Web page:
All Articles: Cases

Can a British Overseas Citizen be stateless?

In Teh v Secretary of State for the Home Department [2018] EWHC 1586 (Admin) the High Court has found that a British Overseas Citizen (BOC) can be stateless under the Immigration Rules if he or she has no other nationality. This is an interesting and ...

6th July 2018 By

New country guidance case on Kurds returned to Iraq

AAH (Iraqi Kurds – internal relocation) (CG) [2018] UKUT 212 (IAC) is a recent country guidance case on the availability of internal relocation for Iraqi Kurds to the Iraqi Kurdish Region. This case updates some of the guidance contained in AA ( ...

2nd July 2018 By

Long delays in Home Office provision of immigration bail accommodation are lawful

Where a detainee is held under immigration powers by the state, he or she has the right to apply to be released on bail to the First-tier Tribunal. Previously, if a detainee had no place to stay on release then they could ask to be accommodated, under ...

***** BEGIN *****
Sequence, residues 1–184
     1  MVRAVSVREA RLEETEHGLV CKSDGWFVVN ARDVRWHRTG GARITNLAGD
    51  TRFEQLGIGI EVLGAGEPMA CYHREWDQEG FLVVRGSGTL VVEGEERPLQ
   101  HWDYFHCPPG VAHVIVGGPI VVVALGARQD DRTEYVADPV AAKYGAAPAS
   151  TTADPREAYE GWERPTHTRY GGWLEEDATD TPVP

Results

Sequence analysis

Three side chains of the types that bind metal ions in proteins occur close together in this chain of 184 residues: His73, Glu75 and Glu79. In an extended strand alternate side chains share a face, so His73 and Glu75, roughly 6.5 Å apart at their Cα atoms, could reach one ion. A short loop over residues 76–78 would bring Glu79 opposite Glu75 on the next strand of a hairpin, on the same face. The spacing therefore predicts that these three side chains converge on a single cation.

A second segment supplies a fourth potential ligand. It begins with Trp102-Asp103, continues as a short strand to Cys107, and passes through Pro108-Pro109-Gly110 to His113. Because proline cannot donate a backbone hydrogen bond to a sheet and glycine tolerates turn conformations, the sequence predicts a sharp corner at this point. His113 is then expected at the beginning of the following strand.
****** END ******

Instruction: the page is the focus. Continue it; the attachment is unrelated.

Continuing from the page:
29th June 2018 By

Tribunal decides on Immigration Rules for overseas adoptions, rescues “feral” child

The case of TY (Overseas Adoptions – Certificates of Eligibility) Jamaica [2018] UKUT 197 (IAC) involves the complex interplay between the Immigration Rules and international adoption law. It is a must-read for anyone involved in applications or ...

28th June 2018 By

The meaning of “residence” for indefinite leave to remain applications

In the case of R (Nesiama & Ors) v Secretary of State for the Home Department [2018] EWCA Civ 1369, the Court of Appeal found that “residence” in the UK means “physical presence”, such that continuous residence in an application for indefi ...

27th June 2018 By

Data protection damages for Iranian asylum seekers confirmed

What should the repercussions be if the Home Office accidentally splashes the personal details of asylum seekers all over the internet? If your answer is “compensation”, congratulations: you are at one with the Court of Appeal. The case is ...